Some localised road improvements would be necessary, you cant expand Crawley for example and still rely on its 18th C Farm roads which count as West Sussex’s B Road network.  A large new town within the orbit of Cambridge for example would clearly require new roads to get its logistics in and out.  The problem is ensuring those new roads don’t clog up with car commuters, which may require new forms of traffic management (such as ramp control – with compulsory engine cut off-   out of major housing areas accessing on roads to strategic roads, well before the strategic road ramps), public transport prioritisation (zooming past the deliberately created car blockages) and targeted  road-pricing.  This means rethinking concepts like prioritising reducing congestion, and planning for car ‘levels of service’  from strategic housing sites, and towards  planning on how to creatively create it to disincentive car use on strategic roads at peak periods.   The overiding target should be level of low carbon service and travel times not the metric of congestion.   Low travel times should be a negative in any benefit cost calculation if it is at the expense of busting a carbon budget.

Where to study?  Well Homes England have lots of strategic sites and no sustainability plan (no plan at all really) so lets start there, forcing Highways England to be a strategic partner on the study (junior of course) would also be a nice discipline and learning exercise for them.

 

 

The Political Show of the SOS issuing Directions on the London Plan.

The SoS has issued directions on the London Plan.   

Annex with details of changes.

This is all about show than substance.  The Mayors SDS is as a matter of law not subject to a binding inspectors report.  But as a matter of policy the new NPPF makes it binding.  But as a matter of national policy the new NPPF is not binding this round.  Phew.

There has been rows for years between the Mayor and SoS, most notably when Brandon Lewis was SoS.   A lot of this is played out for the benefit of Outer London Council leaders and readers of the Evening Standard.

The key changes the panel secured are their.  The housing figures are too high, the crude fix of the small sites policy to make up the gap deleted, the London Green Belt must be reviewed and Green Belt policy must be no tighter than national policy.  The SOS’s intervention does not change the housing numbers or Green Belt policy or even the London Plan new policy on Garden development despite the noise on ‘garden grabbing’. . The changes are largely tactical and the political noises for show.

The panel report allows things to move on from political shadow boxing and move towards resolution of  the real outstanding issues.  Like how to unstick certain strategic sites and how to deal with London’s inevitable overspill of housing need.

The SoS may have a point that Khans housing performance has been less than stellar.  Khan has prioritised affordability over volume and has rejected certain affordability models from central government even where grant funding is available because of the implied mix – both his political choice.   However the comparison in the letter to he West Midlands is ridiculous.  The average of 37,0000 over the last three years is almost double the historical long term average in London.  London has seem a step change in housing delivery which surpasses any other city.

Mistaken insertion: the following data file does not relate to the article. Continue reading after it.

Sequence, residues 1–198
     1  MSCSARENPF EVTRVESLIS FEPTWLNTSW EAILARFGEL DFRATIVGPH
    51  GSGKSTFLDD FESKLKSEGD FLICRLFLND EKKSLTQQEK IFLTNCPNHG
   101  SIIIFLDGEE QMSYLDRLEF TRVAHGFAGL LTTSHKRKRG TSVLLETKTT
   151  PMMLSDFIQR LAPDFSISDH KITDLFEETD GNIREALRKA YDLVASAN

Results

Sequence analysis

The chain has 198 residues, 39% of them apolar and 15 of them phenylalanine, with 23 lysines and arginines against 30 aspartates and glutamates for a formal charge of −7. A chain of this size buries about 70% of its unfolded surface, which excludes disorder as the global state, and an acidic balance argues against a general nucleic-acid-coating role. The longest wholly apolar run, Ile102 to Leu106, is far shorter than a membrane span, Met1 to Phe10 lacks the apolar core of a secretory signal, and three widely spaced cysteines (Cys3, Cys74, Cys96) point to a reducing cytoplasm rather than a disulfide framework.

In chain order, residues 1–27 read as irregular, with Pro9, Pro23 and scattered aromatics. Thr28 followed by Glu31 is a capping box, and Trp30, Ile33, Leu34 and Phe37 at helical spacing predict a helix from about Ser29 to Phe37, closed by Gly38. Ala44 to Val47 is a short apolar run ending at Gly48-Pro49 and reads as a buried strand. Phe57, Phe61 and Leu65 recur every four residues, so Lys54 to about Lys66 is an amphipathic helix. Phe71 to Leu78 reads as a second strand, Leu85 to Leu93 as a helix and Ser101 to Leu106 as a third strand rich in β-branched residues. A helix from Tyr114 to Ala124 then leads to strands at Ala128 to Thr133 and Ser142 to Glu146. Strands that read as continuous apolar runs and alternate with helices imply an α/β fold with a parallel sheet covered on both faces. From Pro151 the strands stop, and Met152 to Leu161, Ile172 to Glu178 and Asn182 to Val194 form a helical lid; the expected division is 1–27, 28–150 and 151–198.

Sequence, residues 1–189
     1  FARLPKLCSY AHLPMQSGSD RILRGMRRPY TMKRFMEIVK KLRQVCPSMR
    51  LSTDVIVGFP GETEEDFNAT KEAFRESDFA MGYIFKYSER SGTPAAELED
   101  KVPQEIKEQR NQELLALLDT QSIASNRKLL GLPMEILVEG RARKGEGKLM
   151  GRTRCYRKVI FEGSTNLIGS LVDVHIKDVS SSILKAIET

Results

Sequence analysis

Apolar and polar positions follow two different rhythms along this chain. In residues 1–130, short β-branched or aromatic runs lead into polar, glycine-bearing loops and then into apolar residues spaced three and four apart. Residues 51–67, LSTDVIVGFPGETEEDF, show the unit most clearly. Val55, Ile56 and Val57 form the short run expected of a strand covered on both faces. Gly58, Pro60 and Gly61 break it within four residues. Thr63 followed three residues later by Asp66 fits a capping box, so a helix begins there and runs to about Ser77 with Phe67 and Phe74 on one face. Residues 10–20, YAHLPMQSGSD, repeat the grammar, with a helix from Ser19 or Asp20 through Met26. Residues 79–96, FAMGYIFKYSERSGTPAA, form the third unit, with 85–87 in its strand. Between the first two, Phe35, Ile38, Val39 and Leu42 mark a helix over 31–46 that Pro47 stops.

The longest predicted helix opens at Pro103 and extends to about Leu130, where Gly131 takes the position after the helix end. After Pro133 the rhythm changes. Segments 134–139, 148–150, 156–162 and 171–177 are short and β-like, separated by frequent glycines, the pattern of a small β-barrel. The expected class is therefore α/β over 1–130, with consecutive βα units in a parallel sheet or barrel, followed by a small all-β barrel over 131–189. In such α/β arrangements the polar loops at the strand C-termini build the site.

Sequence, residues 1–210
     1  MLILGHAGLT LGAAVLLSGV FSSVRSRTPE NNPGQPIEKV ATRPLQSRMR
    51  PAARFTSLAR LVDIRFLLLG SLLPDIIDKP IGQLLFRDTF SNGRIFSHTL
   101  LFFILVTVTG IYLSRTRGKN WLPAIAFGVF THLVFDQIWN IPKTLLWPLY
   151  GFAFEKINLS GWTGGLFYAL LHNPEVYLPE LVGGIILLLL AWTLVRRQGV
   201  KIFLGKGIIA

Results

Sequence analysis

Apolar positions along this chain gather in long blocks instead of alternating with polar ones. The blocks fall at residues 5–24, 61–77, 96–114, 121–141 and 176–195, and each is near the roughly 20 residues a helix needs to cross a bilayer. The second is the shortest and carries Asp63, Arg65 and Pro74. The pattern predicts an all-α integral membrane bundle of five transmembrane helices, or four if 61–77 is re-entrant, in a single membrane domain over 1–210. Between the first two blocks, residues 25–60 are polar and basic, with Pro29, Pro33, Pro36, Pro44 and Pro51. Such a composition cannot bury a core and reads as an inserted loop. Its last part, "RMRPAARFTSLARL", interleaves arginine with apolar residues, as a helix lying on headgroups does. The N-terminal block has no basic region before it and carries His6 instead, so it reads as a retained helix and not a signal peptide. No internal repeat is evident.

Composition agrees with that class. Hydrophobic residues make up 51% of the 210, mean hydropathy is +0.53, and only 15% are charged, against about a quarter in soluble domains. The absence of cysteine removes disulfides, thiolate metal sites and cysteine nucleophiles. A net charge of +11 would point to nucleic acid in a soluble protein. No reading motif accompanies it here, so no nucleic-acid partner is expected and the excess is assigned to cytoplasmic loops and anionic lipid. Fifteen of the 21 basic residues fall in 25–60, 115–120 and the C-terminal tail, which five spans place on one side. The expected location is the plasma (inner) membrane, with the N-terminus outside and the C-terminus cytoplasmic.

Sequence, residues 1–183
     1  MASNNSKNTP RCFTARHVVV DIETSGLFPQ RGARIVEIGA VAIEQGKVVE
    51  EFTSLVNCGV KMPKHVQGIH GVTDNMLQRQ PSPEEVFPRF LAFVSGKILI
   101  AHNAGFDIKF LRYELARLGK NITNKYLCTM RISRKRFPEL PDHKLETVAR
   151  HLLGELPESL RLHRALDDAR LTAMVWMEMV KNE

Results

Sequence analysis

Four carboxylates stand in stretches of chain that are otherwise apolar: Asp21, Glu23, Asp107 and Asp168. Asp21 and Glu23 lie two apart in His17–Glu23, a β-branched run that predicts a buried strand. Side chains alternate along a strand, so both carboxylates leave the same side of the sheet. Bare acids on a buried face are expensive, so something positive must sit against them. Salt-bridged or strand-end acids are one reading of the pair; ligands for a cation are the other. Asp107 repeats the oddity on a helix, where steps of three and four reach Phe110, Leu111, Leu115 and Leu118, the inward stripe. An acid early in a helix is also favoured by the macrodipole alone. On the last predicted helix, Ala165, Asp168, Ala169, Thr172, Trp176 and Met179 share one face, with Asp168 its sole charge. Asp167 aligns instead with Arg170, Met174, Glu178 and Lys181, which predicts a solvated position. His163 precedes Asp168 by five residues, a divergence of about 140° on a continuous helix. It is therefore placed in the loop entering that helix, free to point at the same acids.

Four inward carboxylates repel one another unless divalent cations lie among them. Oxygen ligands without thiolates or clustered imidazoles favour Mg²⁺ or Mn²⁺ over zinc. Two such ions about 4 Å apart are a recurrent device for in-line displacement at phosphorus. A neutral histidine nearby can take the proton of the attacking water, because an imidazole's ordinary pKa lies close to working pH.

The SOS rightly criticises the length and complexity of the plan.

‘Your Plan added layers of complexity that will make development more difficult unnecessarily; with policies on things as small as bed linen’

Ojne recalls Sir George Younger’s Letter to Ken Livingstone on the Greater London Plan criticising it for having policies on picnic tables.

Notably the letter looks ahead beyond the current plan to the next.  Though not to the SoS’s taste on affordable mix the plans policies on affordable housing were too complex to unpick.  For the beginning of the process Central Government and the Mayor’s office have agreed to get this plan out of the way and argue about the next one.  Hence the play acting in this letter.

As to the future plan it adds

Producing and delivering a new strategy with authorities in the wider South East to offset unmet housing need in a joined-up way

A regional strategy.  There you go.

Of course the first thing authorities in ROSE will say is ‘why should we review our GB until you are reviewing yours’

So the urgent question of strategic numbers in the south east will be delayed another four years.  Especially as the letter says.

I had expected you to set the framework for a step change in housing delivery, paving the way for further increases given the next London Plan will need to assess housing need by using the Local Housing Need methodology

A local need methodology which increases the target for places like Greenwich fourfold, reallocating it from places with market demand and brownfield capacity like Leeds to London and expecting people to move accordingly.  Thankfully the formula is going to change to remove such nonsense.  The noise on urban capacity being more political noise as cover for the ministry having made such a catastrophic technical mistake.